As part of the prestigious Widescreen Weekend film festival, the Devika Dance Theatre was honoured with a special commission by the National Science and Media Museum, in collaboration with Bradford’s Kala Sangam Arts Centre. A unique collaboration led to the creation of a captivating short film and performance piece titled “Dancing in the Shadows: A Tribute to Guru Dutt.”
Devika is an internationally renowned Indian Classical Dance performer and teacher. She founded the Devika Dance Theatre in 2012, dedicated to promoting Indian dance across the UK. Her focus lies in preserving the true essence of India’s traditional dances, including Bharatanatyam, Kuchipudi, and Yakshagana dance theatre, for participants and audiences of all cultures.
This production served as a celebration of the life and artistic genius of the legendary Indian film director, Guru Dutt. With a blend of dance, music, and storytelling, it embarked on a journey through the remarkable career of this cinematic legend, providing an excellent introduction to the screening of one of Guru Dutt’s most famous films.
A depiction of Guru Dutt’s early life and influences
The journey began by delving into the early life of Guru Dutt. Born Vasanth Kumar Shivsankar Padukone in Padukone, Mangalore, Karnataka, Guru Dutt grew up amidst the vibrant streets of Kolkata. At the tender age of 14, his fascination with traditional Indian dance was ignited. The audience was transported to those enchanting evenings when young Guru Dutt would gaze at the shadows playing in his grandmother’s room, where deities were kept, and lamps were lit. This early exposure to the interplay of light and shadow would later shape his directorial vision.
Guru Dutt’s relentless pursuit of his passion led him to Guru Uday Shankar’s revered dance academy in Kolkata. Here, his rigorous dance training honed his skills and cultivated a sense of movement and visual aesthetics. The dancers paid homage to this transformative period in his life, capturing the essence of his journey from a young enthusiast to a skilled artist.
Cinematic masterpieces brought to life through dance
Through the magic of dance, the world of Guru Dutt’s cinematic masterpieces, celebrated for their imaginative use of light and shade, was brought alive, creating evocative and visually striking imagery. The performance recalled moments from his iconic films, showcasing his ability to weave multiple thematic layers into his narratives. The stage came alive with the magic of Guru Dutt’s directorial style, inviting the audience to experience the emotions and stories that defined his work.
Guru Dutt’s films were renowned for their mesmerising treatment of songs, a hallmark of Bollywood cinema. The dance performance brought to life the enchanting melodies and captivating sequences that made his films unforgettable, with the seamless integration of music and dance into his storytelling paying a heartfelt tribute to this unique aspect of his cinematic legacy.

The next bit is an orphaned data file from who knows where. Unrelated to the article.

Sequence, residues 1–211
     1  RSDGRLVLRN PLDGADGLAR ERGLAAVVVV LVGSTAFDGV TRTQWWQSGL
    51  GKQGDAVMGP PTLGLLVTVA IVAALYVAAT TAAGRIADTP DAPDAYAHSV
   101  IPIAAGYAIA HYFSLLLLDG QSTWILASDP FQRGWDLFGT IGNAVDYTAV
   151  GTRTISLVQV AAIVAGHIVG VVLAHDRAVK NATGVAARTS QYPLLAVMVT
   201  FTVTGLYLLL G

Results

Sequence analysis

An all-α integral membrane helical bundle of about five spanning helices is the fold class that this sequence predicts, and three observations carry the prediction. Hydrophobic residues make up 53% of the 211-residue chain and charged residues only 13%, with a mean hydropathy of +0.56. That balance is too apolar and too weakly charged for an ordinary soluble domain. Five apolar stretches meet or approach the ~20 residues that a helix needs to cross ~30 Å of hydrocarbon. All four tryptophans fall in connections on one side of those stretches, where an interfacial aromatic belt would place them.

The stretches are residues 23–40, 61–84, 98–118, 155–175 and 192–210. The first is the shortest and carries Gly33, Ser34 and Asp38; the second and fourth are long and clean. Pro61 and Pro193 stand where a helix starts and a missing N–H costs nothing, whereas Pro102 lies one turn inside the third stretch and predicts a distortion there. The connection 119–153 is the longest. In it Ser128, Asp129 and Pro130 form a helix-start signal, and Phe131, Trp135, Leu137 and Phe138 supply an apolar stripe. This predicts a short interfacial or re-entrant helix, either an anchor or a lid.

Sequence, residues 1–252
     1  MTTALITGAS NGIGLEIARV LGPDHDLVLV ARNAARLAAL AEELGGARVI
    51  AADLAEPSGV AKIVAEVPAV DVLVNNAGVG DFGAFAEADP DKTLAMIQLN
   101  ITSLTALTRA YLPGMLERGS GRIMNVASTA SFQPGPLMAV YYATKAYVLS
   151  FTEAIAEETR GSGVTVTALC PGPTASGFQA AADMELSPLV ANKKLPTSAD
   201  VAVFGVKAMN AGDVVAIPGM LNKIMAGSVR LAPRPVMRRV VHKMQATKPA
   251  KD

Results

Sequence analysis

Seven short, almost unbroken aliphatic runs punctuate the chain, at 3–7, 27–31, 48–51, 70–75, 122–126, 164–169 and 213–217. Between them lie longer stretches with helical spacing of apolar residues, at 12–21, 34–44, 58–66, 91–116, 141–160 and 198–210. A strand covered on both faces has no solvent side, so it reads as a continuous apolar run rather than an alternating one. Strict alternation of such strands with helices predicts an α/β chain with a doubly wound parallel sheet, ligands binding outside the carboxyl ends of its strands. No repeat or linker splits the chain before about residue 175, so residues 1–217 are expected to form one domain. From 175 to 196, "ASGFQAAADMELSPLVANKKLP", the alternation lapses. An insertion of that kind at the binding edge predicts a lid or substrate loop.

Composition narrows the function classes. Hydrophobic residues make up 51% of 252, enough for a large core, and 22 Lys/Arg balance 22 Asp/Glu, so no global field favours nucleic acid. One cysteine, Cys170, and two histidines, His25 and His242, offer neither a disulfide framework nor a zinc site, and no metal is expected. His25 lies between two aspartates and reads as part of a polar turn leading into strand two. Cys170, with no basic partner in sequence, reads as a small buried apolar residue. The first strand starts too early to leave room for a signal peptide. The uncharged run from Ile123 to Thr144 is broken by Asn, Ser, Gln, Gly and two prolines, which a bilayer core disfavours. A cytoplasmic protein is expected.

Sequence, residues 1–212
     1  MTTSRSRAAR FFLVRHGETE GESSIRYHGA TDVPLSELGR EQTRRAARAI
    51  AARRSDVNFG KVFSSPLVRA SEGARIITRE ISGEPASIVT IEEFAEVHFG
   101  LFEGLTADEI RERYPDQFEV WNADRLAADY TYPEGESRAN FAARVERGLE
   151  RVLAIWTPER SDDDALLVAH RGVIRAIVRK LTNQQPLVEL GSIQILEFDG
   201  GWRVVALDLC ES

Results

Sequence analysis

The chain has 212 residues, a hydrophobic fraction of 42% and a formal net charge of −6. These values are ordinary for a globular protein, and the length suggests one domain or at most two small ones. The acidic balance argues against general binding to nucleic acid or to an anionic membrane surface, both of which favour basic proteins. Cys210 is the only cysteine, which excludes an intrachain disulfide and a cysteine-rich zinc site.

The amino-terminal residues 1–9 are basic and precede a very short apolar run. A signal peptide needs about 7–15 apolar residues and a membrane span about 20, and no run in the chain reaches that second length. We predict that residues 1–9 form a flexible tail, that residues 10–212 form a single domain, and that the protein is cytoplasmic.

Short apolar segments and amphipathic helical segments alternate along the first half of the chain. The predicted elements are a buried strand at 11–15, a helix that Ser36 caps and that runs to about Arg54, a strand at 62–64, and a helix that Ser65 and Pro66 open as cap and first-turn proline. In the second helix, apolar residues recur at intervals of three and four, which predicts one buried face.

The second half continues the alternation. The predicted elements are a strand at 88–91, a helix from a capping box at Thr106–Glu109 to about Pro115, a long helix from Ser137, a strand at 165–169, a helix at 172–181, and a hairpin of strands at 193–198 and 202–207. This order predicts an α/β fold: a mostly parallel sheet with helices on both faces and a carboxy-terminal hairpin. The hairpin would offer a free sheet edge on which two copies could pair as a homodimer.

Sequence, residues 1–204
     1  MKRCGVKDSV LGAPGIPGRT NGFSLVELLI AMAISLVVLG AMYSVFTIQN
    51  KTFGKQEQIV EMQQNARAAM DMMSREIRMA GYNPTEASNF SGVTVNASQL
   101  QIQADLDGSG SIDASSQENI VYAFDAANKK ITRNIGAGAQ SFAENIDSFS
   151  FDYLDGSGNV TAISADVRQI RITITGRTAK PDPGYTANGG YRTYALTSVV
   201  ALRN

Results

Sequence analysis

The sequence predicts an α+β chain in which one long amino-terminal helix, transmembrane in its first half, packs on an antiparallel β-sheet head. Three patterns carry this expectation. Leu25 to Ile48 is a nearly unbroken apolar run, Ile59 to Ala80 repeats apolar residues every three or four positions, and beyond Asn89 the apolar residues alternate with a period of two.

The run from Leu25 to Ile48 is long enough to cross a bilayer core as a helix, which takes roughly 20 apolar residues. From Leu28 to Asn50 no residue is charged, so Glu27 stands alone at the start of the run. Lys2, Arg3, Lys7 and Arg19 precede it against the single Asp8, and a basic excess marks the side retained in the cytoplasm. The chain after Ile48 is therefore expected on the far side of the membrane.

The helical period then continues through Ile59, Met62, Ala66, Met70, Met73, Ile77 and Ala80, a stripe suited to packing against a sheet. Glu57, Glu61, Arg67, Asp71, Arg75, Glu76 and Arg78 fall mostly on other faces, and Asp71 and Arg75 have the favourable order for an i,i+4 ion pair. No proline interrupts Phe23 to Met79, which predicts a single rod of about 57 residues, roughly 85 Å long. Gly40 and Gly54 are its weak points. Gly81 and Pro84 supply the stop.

A celebration of Guru Dutt’s pioneering spirit
The evening also celebrated a significant milestone in the history of cinema – the screening of “Kaagaz Ke Phool” (Paper Flowers), which marked the first South Asian film in CinemaScope. This groundbreaking achievement added a new dimension to storytelling in Indian cinema, illustrating Guru Dutt’s pioneering spirit.
Guru Dutt’s enduring legacy is found in the timeless appeal of his films, such as “Pyaasa” and “Kaagaz Ke Phool”, which continue to be celebrated for their artistic and emotional depth. His invaluable contribution to Indian cinema and his place as one of India’s most accomplished filmmakers are undeniable.
A very successful start to the Widescreen Weekend festival
The evening was an outstanding success, with acclaimed artistic director Balbir Singh full of praise for both Devika Rao and the media museum:
This is a wonderful opportunity to support Devika Rao, such a gifted artist taking inspiration from the work of Guru Dutt in my hometown. I remember as a child attending the opening of the Media Museum event and am glad to see how it has blossomed over the years and has such a pivotal presence in Bradford.
Sally Folkard, Head of Screen and Cultural Engagement at the National Science and Media Museum was in full agreement:
It was fantastic to open this year’s Widescreen Weekend film festival with a screening of Kaagaz Ke Phool/Paper Flowers, the first South Asian film to be made in CinemaScope. It’s a beautiful film, and a real treat for audiences to see it on the big screen. Opening night was made even more special thanks to Devika Dance Theatre who delighted our audience with a stunning performance of traditional Indian dance to introduce the film.